Wellington police track higher rates of speed
|Wellington Police Chief Lee Barry sights in the laser radar to take readings on vehicles approaching the city from the direction of Price on U.S. Highway 6. Since the four lane opened up, Barry indicates that speeds on the road have increased and the situation has spilled over into Wellington.|
Lee Barry thought he had seen it all in his years as Wellington's police chief.
For example, Barry said he once had a woman read him the riot act for pulling her over to tell her she had a low tire on one side of her car that had been worn down to the cords.
In another incident, the police chief had a truck driver tailgate him one foot from his patrol vehicle's back bumper from Price to Wellington, honking the horn all the way. The trucker then passed Barry on a double yellow line so he could get to an eatery in town more quickly.
But what the police chief is seeing now doesn't have an odd quality, but it creates a danger to motorists traveling on U.S. Highway 6. That danger comes from drivers who are increasingly gaining speed coming through Wellington.
"Since the highway between Price and Wellington has been turned into four lanes, the speeding has really picked up," pointed out Barry. "We seem to not only be getting more people speeding, but they are doing it at a higher rate of travel."
Most Carbon County residents know that driving fast through the 40 mile per hour zone in Wellington can result in a ticket. Yet a large percentage of the citations Barry and his officers write are to local drivers.
"It's surprising that about a third of our citations are given to residents from Carbon and Emery County," said Barry. "I think sometimes I have cited just about everyone who lives in the east county area at one point or another.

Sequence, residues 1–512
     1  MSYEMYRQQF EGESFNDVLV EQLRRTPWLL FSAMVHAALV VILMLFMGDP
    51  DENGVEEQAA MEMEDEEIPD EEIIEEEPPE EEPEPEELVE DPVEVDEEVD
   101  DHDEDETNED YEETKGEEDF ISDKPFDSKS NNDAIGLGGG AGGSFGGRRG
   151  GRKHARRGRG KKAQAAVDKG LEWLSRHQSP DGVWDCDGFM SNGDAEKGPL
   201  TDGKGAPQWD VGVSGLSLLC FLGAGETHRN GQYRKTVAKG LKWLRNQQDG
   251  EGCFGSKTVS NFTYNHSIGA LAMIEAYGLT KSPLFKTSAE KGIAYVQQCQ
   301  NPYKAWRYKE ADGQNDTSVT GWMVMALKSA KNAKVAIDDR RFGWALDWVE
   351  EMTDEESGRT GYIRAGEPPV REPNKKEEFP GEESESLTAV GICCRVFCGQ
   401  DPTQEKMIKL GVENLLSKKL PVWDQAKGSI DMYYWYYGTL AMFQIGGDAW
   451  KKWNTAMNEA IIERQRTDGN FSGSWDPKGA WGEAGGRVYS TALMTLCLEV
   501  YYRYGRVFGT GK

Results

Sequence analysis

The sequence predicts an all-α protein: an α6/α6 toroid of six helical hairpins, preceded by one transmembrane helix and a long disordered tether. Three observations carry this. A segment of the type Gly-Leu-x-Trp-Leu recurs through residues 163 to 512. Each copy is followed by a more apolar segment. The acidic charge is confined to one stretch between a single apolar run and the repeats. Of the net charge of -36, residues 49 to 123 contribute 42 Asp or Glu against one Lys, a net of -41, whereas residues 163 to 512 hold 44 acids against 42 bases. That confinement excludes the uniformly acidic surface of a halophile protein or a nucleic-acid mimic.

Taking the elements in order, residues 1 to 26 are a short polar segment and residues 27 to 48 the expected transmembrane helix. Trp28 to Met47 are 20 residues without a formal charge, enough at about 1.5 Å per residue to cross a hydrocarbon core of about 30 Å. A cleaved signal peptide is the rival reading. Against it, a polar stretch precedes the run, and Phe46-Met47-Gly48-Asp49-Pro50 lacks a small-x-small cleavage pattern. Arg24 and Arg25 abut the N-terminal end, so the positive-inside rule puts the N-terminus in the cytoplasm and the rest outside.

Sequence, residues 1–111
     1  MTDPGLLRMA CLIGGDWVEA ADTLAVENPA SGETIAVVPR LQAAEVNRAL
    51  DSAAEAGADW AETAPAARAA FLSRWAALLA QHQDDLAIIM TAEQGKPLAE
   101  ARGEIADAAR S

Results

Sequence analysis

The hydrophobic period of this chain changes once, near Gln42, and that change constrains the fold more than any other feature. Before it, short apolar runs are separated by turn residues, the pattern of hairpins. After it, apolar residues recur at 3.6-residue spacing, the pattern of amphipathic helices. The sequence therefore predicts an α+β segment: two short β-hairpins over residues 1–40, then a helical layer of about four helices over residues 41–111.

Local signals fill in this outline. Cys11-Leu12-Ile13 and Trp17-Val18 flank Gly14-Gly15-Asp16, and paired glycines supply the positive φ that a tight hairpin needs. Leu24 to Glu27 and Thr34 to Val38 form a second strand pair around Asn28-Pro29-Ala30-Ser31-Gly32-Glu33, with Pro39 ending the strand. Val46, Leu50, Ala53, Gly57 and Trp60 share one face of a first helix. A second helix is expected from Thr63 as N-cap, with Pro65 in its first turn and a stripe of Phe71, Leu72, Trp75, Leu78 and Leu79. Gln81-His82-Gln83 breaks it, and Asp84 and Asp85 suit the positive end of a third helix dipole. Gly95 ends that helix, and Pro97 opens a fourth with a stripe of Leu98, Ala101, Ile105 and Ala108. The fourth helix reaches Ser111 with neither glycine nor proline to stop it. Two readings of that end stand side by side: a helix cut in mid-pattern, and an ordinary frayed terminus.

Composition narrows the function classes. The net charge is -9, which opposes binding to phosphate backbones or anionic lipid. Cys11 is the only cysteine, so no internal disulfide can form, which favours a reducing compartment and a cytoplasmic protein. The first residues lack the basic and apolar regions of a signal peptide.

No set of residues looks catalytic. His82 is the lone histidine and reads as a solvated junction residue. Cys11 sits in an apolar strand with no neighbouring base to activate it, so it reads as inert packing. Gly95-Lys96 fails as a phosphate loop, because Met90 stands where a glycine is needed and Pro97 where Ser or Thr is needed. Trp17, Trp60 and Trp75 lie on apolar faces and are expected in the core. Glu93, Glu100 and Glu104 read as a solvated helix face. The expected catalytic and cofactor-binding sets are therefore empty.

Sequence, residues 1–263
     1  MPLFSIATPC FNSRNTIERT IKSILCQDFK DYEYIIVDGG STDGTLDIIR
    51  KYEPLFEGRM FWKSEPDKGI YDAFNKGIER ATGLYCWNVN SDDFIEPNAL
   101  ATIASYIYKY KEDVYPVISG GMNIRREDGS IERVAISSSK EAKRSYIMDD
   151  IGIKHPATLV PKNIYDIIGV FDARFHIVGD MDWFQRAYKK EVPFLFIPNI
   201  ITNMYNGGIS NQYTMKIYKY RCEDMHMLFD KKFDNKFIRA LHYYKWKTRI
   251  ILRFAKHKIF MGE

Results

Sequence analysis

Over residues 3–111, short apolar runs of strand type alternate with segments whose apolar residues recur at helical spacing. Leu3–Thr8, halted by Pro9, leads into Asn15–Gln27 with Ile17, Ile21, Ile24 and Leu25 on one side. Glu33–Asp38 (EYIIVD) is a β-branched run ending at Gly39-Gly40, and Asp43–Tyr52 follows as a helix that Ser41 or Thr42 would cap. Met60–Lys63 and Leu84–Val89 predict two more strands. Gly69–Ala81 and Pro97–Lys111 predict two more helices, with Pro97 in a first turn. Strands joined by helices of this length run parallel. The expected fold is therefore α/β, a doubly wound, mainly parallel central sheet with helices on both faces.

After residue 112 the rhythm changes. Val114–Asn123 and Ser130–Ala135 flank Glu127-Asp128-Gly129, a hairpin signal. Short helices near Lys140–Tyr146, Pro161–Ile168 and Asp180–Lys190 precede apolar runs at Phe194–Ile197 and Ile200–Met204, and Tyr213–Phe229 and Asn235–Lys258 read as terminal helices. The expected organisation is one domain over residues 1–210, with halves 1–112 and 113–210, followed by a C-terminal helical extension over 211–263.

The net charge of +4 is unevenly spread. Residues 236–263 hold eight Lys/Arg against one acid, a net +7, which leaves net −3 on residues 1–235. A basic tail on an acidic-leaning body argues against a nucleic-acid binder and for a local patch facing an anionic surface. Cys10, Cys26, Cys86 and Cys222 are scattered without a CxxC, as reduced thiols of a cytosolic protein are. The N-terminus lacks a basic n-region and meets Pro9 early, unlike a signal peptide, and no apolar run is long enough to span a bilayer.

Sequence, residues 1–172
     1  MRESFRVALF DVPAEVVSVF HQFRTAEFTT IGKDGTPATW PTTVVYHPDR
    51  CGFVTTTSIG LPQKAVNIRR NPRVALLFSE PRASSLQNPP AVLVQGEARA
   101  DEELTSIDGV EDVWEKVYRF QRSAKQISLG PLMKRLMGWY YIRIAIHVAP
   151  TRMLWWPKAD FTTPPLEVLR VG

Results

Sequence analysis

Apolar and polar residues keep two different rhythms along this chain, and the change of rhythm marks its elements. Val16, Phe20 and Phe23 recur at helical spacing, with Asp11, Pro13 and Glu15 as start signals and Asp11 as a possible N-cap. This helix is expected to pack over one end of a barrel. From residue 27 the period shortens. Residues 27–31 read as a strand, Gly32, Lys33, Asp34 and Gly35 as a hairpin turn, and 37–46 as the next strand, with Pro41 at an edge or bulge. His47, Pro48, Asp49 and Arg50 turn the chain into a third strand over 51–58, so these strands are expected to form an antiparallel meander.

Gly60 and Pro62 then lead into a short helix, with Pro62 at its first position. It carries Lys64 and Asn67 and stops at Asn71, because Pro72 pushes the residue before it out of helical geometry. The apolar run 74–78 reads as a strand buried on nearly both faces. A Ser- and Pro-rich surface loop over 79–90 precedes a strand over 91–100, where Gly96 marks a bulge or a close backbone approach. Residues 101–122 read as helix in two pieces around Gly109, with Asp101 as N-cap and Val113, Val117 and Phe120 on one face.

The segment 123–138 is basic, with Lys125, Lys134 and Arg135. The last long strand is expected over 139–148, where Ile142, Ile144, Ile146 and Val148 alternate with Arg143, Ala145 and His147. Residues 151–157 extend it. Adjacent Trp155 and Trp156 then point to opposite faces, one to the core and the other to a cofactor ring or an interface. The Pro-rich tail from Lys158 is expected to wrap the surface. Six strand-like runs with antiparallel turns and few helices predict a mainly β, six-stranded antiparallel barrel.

Barry said speeds picked up most during the actual construction period on the road, despite the fact there is a law that was put on the books a few years ago that double the fines for speeding in construction zones. While there will still be more construction on the road starting this spring in the area, the now wide open road between the two towns, that is presently posted at 60 mph has become a raceway for some.
Barry said that he and his officers have clocked some drivers going over 80 mph coming into Wellington from the west, although speeders who get cited most often fall into the 60 to 70 mph range.
"To me it was interesting that the higher speeds actually came during the construction, but regardless, the speeding continues and we will keep citing people that are coming through town too fast from both directions," said the chief.
Barry said that often his force will pull someone over for speeding and will find other things wrong as well, most often seat bell violations.
Traditionally the biggest speeders have come from the east into the Wellington area. In that area the speed is posted at 45 mph from about the road to Nine Mile Canyon until just outside of downtown Wellington where it drops to 40 mph.
Some county and state police have reported clocking people at over 90 mph coming into the area from Cat Canyon just east of the Wellington..
"Another problem I have also been seeing is that people are not stopping for stop signs coming onto the highway from side streets. If we see that we always cite them. I have seen way too many serious accidents because people didn't stop at those in this town," concluded Barry.